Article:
I have said that I am sick of this election and can’t wait for it to be over. But who am I kidding? In the US, we are now in the stage of permanent campaign mode, where the process for the next election starts before the current one even ends. This can be traced to the fact that unlike in most countries where only the maximum duration of a person’s or government’s term is fixed and elections can be, and often are, held before the end of it often with very short notice, in America the date is pretty much written in stone and so ambitious people can plan their strategy well in advance.
While it is not clear on the Democratic side who will compete in 2020, on the Republican side it seems pretty clear that Ted Cruz, John Kasich, and Marco Rubio will be among those seeking the office. It will help Cruz and Rubio’s cases if they win re-election to their senate seats in 2018 and this November respectively. Kasich will complete his second term as governor of Ohio in January 2019 and will be able to run unencumbered by holding any office. Jeb Bush may also try again.
Cruz has now made his move with his endorsement of Donald Trump, after repudiating him at the convention. I wrote at the time that Cruz was pursuing a risky strategy that was predicated on Trump’s campaign collapsing early and dramatically. He must have thought that Trump was going down in flames and that his very public snub of Trump at the Republican convention would endear him to Republicans as the authentic conservative next time around. It looks like Cruz has realized that he miscalculated.
Trump’s support has not collapsed, while Cruz’s has, even among Texas voters. Even worse, the big money people in the party were upset with him and Trump, a highly vindictive person who holds grudges, had threated to finance a primary campaign against Cruz in 2018 and had spoken favorably of Rick Perry replacing him as Texas senator. Other Republicans, fed up with Cruz’s antics that serve only his own ambitions, have made similar moves.
Meanwhile the Republican party chair Reince Priebus warned that those who did not support Trump would face repercussions and penalties the next time they ran. Rubio had already caved to Trump. Kasich has rejected that threat. Jeb Bush has not responded as yet. But Cruz has clearly taken it to heart. And so we had the pathetic spectacle of Cruz returning to the fold with his tail between his legs, using Facebook to make his announcement. This article describes the process by which Cruz and Trump kissed and made up.
As one would expect, Cruz in his Facebook post tries to make out that his present position is as completely consistent and as principled as his past anti-Trump stance but few are buying it. The comments to his post have been largely unfavorable and angry, speaking of betrayal, but the reaction from conservatives who supported his earlier stance, like Glenn Beck, has been one of fury, while the contortions Cruz has been forced to make to explain his actions have been risible.
News reports have not hesitated to recall Cruz’s past statements about Trump.
Trump repeatedly attacked Cruz, not just politically but personally. In the course of the primary, he criticised Cruz’s wife, Heidi, for her looks and implied that the Texas senator’s father was somehow involved in the assassination of John F Kennedy.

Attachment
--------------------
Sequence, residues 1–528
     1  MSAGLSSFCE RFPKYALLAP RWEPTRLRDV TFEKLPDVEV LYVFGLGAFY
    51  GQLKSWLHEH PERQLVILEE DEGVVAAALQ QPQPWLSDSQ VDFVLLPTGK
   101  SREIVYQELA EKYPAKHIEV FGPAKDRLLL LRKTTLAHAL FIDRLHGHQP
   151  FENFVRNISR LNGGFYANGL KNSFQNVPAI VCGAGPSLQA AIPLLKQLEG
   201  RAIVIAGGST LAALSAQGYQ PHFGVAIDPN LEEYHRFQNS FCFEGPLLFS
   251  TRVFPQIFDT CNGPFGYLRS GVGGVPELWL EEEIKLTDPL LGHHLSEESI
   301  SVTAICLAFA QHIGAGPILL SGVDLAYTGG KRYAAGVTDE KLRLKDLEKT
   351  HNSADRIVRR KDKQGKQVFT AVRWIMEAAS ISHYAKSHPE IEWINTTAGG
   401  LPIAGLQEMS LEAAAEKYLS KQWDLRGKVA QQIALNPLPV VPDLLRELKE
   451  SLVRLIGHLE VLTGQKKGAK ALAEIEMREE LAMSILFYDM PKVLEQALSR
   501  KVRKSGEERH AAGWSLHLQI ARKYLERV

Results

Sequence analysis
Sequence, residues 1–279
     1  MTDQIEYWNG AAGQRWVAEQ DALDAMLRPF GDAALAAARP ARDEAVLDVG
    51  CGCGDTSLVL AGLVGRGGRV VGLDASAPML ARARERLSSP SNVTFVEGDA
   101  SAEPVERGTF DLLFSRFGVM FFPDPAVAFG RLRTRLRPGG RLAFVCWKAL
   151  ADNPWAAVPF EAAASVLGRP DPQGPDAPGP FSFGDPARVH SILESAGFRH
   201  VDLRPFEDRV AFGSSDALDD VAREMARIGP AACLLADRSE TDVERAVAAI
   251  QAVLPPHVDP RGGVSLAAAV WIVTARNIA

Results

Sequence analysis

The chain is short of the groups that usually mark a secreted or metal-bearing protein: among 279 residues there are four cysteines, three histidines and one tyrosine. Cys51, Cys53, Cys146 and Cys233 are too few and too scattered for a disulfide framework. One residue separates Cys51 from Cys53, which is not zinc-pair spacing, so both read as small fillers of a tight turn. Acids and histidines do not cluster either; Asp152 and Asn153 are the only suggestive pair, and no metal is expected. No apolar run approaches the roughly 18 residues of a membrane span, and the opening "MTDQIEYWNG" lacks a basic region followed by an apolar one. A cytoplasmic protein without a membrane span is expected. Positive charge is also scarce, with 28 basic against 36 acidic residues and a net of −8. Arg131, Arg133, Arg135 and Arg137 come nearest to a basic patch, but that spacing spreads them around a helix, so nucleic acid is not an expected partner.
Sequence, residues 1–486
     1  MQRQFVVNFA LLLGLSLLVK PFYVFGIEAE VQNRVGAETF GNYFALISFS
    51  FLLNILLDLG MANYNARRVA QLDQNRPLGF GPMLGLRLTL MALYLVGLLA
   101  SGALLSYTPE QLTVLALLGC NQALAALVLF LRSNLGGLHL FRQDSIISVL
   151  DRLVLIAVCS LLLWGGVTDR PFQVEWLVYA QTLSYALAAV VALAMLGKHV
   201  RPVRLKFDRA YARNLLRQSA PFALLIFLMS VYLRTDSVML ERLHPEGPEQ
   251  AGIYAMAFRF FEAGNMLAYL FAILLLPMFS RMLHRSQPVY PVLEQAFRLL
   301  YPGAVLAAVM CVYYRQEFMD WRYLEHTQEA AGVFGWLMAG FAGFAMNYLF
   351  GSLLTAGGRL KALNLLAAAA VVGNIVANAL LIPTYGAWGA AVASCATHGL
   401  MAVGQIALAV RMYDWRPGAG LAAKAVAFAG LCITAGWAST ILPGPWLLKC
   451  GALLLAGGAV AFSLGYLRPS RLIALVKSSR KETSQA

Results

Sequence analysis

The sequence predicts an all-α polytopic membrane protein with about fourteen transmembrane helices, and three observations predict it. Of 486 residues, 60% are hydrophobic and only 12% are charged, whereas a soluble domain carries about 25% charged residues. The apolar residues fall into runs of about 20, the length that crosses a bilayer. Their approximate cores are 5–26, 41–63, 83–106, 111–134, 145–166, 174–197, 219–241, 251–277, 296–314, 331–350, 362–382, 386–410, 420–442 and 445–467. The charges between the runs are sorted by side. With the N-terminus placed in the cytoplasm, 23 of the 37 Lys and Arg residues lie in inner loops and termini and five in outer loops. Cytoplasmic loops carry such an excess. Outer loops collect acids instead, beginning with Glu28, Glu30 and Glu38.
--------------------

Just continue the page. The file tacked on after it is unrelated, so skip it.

In a dramatic press conference on the eve of the Indiana primary, Cruz called Trump a “serial philanderer”, an “amoral pathological liar” and a “braggadocious, arrogant buffoon”. The senator dropped out less than 12 hours later, after a decisive defeat.
In Cleveland in July, Cruz addressed the Republican convention but pointedly refused to endorse Trump. He was booed from the floor. The next day, he said: “I am not in the habit of supporting people who attack my wife and attack my father.
“That [Republican party] pledge was not a blanket commitment that if you go and slander and attack Heidi, that I’m going to nonetheless come like a servile puppy dog and say, ‘Thank you very much for maligning my wife and maligning my father.’”
The columnists have had a field day with Crux’s reversal, mocking him mercilessly. Here is Charles P. Pierce:
Not since 2008, when John McCain sucked up to the same forces that had soaked his young daughter in calumny four years earlier, have we seen such an abject spasm of hilarious self-abnegation as we saw from Tailgunner Ted Cruz, fearless fighter for the Constitution, dauntless soldier of the living Christ, and marshmallow-spined careerist. There hasn’t been much to laugh about in this godforsaken campaign, but I’m rolling on the floor over this one. What an absolute coward. What a comic fraction of a statesman. What a pocket-sized imitation of a United States Senator.
Now we know who the Tailgunner is. We’re just haggling about the price. Which is not very much at all.
“I’m not in the habit of supporting people who attack my wife and attack my family. That pledge was not a blanket commitment that if you go and slander and attack Heidi that I’m going to nonetheless come as a servile puppy dog and say, ‘Thank you very much for maligning my wife and maligning my father.'”
Sit, Ted. Beg. Now roll over. Who’s a good servile puppy dog?
And, yes, you may have another.
While Cruz may have been able to fool many Republicans with his high-minded rhetoric, many of us did not need any further evidence that Cruz is a deeply cynical politician. He is not a principled conservative, he just plays one in the US Senate. Cruz has realized that any chance of winning the White House in 2020 must first begin with a successful re-election campaign for his US senate seat in 2018 and that he needs the full support of his party. He must be hoping that by that time, people will forget this very public revelation of what he really is.